"The pandemic kind of closed down the traditional IPO window for companies. ... People weren't sure if they were going to be able to raise the amount they wanted," said Cameron Stanfill, a venture analyst at PitchBook, a private capital markets research firm.

For high-growth tech companies, SPACs offer a chance to move more quickly amid intense competition. A traditional IPO in the U.S. often takes at least six months to a year of preparation, to allow for regulatory scrutiny and test investors' appetite.

Merging with a SPAC is quicker. After SPAC shareholders approve an acquisition, it normally only takes three to four months to complete the public listing, an attractive option for companies needing to raise capital quickly. SPACs also give more certainty about how much capital a company can raise, given that the blank-check company already has the money in place.

"The rise of SPACs is largely driven by the fact that the hurdle has been too high for going public in the regular way," said David Chao, co-founder of early-stage venture capital firm DCM, which invests across the U.S. and Asia.

Why is Asia interested in SPACs?

As Grab shows, emerging tech companies in Asia have strong demand for capital to fuel growth and keep up with competitors. Merging with SPACs is an easy way to access the well-funded U.S. market.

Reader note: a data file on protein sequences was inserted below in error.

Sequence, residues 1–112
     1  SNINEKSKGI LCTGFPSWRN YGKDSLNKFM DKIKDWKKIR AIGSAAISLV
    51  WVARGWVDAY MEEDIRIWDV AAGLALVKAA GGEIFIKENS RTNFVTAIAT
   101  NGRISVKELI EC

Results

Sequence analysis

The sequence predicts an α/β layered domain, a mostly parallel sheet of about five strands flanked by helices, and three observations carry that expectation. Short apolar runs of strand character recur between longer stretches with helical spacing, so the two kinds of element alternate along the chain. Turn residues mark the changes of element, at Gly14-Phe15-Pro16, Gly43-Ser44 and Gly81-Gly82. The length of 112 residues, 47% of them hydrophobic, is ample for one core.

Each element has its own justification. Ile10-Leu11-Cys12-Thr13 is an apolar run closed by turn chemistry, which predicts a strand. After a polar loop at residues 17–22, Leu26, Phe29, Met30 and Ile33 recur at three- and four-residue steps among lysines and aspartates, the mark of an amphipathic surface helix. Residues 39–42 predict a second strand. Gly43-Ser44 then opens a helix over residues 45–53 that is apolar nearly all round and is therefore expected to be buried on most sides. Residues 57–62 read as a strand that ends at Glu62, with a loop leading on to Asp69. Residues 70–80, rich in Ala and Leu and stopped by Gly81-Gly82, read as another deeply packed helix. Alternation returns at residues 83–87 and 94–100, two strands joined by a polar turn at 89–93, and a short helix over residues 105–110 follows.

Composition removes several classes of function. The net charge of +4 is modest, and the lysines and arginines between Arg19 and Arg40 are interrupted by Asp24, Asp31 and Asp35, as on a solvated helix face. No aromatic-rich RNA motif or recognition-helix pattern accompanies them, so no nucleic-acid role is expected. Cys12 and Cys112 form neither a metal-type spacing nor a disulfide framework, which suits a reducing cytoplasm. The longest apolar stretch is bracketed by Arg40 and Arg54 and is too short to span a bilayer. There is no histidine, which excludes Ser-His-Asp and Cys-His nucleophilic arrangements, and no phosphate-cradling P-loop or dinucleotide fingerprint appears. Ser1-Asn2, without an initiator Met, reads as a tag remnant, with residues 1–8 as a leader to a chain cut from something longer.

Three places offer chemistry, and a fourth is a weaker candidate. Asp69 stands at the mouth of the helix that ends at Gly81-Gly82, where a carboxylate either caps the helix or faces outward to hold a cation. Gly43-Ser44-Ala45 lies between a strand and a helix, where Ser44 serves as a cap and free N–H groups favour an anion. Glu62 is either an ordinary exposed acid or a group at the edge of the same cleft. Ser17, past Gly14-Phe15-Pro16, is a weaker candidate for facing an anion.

Grab's archrival, Indonesia's Gojek, is reportedly preparing to merge with e-commerce company Tokopedia before going public via the SPAC route.

By April 23, seven companies headquartered in Asia have gone public in the U.S. via a SPAC since 2020. Eight more in the region have announced plans for an IPO via a SPAC, according to data compiled by international law firm Morrison & Foerster.

Faraday Future, founded by Chinese billionaire Jia Yueting, has announced it will go public on the Nasdaq stock exchange through a merger with a SPAC in a deal valuing the combined entity at $3.4 billion. The maker of electric vehicles has been struggling to increase production of its first vehicle, the FF91.

Plus, a self-driving truck developer based in both China and U.S. is also considering going public via SPAC. "We're open to exploring all options. Generally, we see that the investment environment now is very favorable to mobility companies, especially for companies like ours that have a commercial product, customers, and a strong growth plan," David Liu, CEO and Co-Founder of Plus, told Nikkei Asia.